Continuing Care Retirement facilities promise sterling service. According to a report published the American Seniors Housing Association, they also promise distinct trends. Demographic patterns have appeared throughout the last decade, highlighting the traits of the typical CCR resident:
Age: 77 and Younger
Age: 78 to 82
Age: 83 to 87
Age: 88 and Older
Marital Status Demographics
Single, Never Married: 4%
Grade School or Less: 1%
Some High School: 4%
High School Graduate or GED Recipient: 23%
Some College: 27%
College Graduate: 26%
Graduate or Professional Degree: 19%
Annual Income Demographics
Less Than $10,000: 3%
$10,000 to $14,999: 5%
$15,000 to $19,999: 7%
$20,000 to $24,999: 6%
$25,000 to $29,000: 6%
$30,000 to 34,999: 10%
$35,000 to $49,999: 17%
$50,000 to $74,999: 22%
$100,000 to $149,000: 9%
$150,000 to $199,999: 2%
$200,000 or More: 3%
These statistics showcase that most CCR residents are female, married, well-educated, and within an upper middle-class bracket. It stands to reason that individuals pay close attention to the income trends, as earnings highlight the costs associated with this form of community.
What is the Cost of Continuing Care Retirement Facilities?
CCR facilities deliver a variety of services, amenities, and health care options that are defined by adaptability. Because of this, it's impossible to create a national average of cost. Each campus is unique, offering different fees, financial packages, and terms. These allow for infinite tailoring.
To better gauge the expense of CCR living, however, seniors can consider the three most common contract options:
Extensive Contracts provide high-quality medical attention throughout a senior's remaining years. They demand considerable initial costs but then balance this by paying for all assisted living and nursing home needs. It's a guaranteed level of care.
Summation: High initial costs, small future risks.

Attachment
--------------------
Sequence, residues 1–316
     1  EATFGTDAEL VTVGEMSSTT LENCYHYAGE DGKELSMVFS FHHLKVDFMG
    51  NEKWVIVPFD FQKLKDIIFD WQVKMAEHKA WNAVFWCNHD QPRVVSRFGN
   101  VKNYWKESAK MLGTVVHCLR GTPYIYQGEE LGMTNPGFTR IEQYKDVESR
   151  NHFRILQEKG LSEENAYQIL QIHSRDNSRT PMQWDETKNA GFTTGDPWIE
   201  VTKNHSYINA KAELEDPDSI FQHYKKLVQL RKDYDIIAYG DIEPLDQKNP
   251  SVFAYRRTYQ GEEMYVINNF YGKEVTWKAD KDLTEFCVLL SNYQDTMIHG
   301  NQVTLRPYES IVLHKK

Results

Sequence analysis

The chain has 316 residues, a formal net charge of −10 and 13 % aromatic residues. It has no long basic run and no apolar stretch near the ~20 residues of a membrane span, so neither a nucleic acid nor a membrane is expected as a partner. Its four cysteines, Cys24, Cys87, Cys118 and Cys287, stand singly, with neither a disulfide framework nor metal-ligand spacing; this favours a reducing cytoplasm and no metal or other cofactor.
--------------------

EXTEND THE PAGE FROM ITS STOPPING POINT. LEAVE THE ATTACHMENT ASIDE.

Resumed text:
Modified Contracts allow seniors to pay reasonable initial fees and then supplement their living expenses through monthly stipends. These stipends - which range in cost, depending on chosen amenities and services - also provide limited (free) access to assisted and nursing facilities. Residents receive no-fee coverage for a predetermined length of time, but must then pay out-of-pocket once that time has passed.
Summation: Medium initial costs, medium future risk.
Fee for Service Contracts
Fee for Services Contracts is aptly named. These options allow residents to pay moderate entrance fees, relying instead on monthly stipends to address their service needs. Should they require health care, the burden falls exclusively to them.
Summation: Low initial costs, high future risks.
Each of these contracts delivers its own advantages and concerns. It's crucial, therefore, for seniors to examine their finances. They must understand what they can afford for both the present and the future, and then they must choose the option that best reflects this. Plan carefully.
The Value of Continuing Care Retirement Facilities
The human body is forever in a state of change. CRR facilities accommodate those changes, providing seniors with the control (and comfort) they deserve. These single-campus options are ideal for those wishing to remain at home, delivering independent living and superior medical care.